Cannabis is legal for medical use but not for recreational use in North Dakota. Patients, however, are not permitted to cultivate cannabis at home. Possessing a small quantity of marijuana for recreational use is a misdemeanor offense in the state. North Dakota officially allows the cultivation of hemp with 0.3% THC or less. Voters in North Dakota approved Measure 5, also known as the North Dakota Compassion Care Act, to legalize medical marijuana in 2016. An amendment to the state’s medical marijuana law, Senate Bill 2344 (SB 2344), makes it illegal for anyone to grow their own cannabis. Qualifying patients and their caregivers can buy up to 7.5 ounces (about 212.62 g) of marijuana within a 30-day period from licensed medical dispensaries in North Dakota.
Marijuana is not yet legal for recreational use in North Dakota, but the projected annual revenue is expected to be between $8 million and $10 million if legalized. If the proposed legalization bill passes, all marijuana sales would be taxed at 5% statewide, plus up to 3% in local sales taxes. This does not include an excise tax, also called a "sin tax," that lawmakers might put on sales of marijuana. The proposed legalization is also expected to generate $3.1 million from marijuana businesses in the form of application and registration fees.
Even though recreational cannabis use and possession are not legal in North Dakota, marijuana possession has been decriminalized. In May 2019, HB 1050 eliminated jail sentences for the possession of marijuana paraphernalia and up to 14 grams of marijuana. In 2015, before the legalization of medical marijuana in North Dakota, the FBI crime data report showed that there were 2,331 arrests for marijuana possession and 146 for marijuana sales crimes in North Dakota. In 2016 when the state legalized medical marijuana, North Dakota had 2,610 marijuana possession-related arrests and 156 cannabis sales-related arrests. Law enforcement made 2,567 marijuana possession-related arrests and 197 arrests for marijuana sales offenses. In 2018, there was a slight drop in the number of marijuana-related arrests; 2,552 for possession and 161 for sales offenses.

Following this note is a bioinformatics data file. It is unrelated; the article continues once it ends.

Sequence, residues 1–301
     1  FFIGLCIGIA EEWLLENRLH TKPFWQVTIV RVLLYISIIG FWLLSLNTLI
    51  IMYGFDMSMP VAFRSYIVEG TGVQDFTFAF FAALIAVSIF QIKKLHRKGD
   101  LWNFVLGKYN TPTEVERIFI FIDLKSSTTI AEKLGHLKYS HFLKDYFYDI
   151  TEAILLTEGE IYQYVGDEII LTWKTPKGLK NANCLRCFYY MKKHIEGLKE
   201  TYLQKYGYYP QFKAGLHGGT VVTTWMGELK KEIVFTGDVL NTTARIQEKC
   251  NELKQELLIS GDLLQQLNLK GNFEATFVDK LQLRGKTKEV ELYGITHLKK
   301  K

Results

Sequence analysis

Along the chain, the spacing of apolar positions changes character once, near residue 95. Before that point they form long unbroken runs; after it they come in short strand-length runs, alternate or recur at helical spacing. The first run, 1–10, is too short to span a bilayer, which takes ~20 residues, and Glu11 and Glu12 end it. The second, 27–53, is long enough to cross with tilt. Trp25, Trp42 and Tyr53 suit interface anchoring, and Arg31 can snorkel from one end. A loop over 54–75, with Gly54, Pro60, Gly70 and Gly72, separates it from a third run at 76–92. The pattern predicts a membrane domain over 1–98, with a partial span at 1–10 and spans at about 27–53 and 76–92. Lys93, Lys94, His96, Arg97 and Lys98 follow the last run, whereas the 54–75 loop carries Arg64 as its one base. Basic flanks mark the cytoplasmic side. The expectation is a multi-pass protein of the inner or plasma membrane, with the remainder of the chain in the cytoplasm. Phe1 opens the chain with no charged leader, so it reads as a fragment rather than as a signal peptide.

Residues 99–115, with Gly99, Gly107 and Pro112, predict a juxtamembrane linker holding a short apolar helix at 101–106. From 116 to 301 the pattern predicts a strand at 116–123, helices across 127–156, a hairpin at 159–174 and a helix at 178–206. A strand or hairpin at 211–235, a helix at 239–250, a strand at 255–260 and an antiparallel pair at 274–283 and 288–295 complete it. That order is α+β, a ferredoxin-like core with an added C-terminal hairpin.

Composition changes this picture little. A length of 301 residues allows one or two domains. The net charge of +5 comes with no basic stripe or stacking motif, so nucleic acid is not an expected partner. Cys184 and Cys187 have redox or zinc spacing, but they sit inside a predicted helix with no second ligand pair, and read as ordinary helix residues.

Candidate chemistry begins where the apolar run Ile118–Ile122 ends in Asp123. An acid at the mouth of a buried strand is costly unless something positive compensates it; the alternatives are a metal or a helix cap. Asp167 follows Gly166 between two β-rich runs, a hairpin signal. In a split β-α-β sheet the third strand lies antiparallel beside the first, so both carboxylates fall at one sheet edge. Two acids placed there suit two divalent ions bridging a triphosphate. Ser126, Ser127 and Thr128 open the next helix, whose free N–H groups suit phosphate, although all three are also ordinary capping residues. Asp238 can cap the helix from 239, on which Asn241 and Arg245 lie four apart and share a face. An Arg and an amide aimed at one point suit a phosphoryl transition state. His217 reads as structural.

In 2019, North Dakota recorded 2,192 arrests for marijuana possession and 99 for cannabis sales offenses. These figures declined in 2020, with 1,929 arrests for marijuana possession and 73 for marijuana sales. In 2021, the number of marijuana possession arrests (1,761) further declined while the state recorded 79 marijuana sales-related arrests. This trend indicates a decline in the marijuana crime rate in North Dakota since the legalization of medical marijuana.
To apply for a North Dakota medical marijuana card, a person must be a legal resident of the state. Patients must be at least 19 years old to apply for their own medicinal marijuana card. On their applications, patients under the age of 19 must list a parent or legal guardian as their caregiver. To obtain a card, a patient must register with the North Dakota Medical Marijuana Patient Registry, which is administered by the North Dakota Department of Health (NDDOH). People who don't already have a medical marijuana card can apply for the state's MMJ card online through the North Dakota Department of Health and Human Services (HHS). A North Dakota MMJ cardholder may possess the following:
No more than 3 ounces of cannabis flower and dried leaves per month (but a patient can only purchase 2.5 oz (about 70.87 g) at a time). The physician may extend the possession restriction for cancer patients to 6 oz (about 170.1 g)
Up to 4,000 milligrams of THC per month from cannabis concentrates, such as oils, capsules, pills, and edibles
Patients younger than 19 are not allowed to use dried leaves and flowers or products with more than 6% THC. For patients to be able to smoke herbal cannabis mixtures, their doctor must give them a special certification. Aside from that, patients may only acquire cannabis-infused tinctures, pills, patches, or topicals.
In 1933, North Dakota passed a law banning marijuana, beginning the state's marijuana prohibition. In 2016, the North Dakota Compassionate Care Act was supported by state voters. Despite this, the North Dakota Legislative Assembly waited two years to implement the provisions of the Act.
Despite voter approval, legislators outlawed home medical marijuana cultivation in 2017. Additionally, the bill increased the legal protections afforded to patients, caregivers, and companies that sell medical marijuana. House Bill 1050, which lessens the consequences of marijuana possession, was passed into law in May 2019. It recommended a fine of up to $1,000 and no jail time for first-time offenders as penalties for possessing up to 0.5 ounces (14 grams) of cannabis and marijuana-related accessories. In April 2019, the governor signed House Bill 1519, which expanded the ways qualified patients in North Dakota can use medical marijuana.
Cultivation of marijuana in the United States, the early 17th century.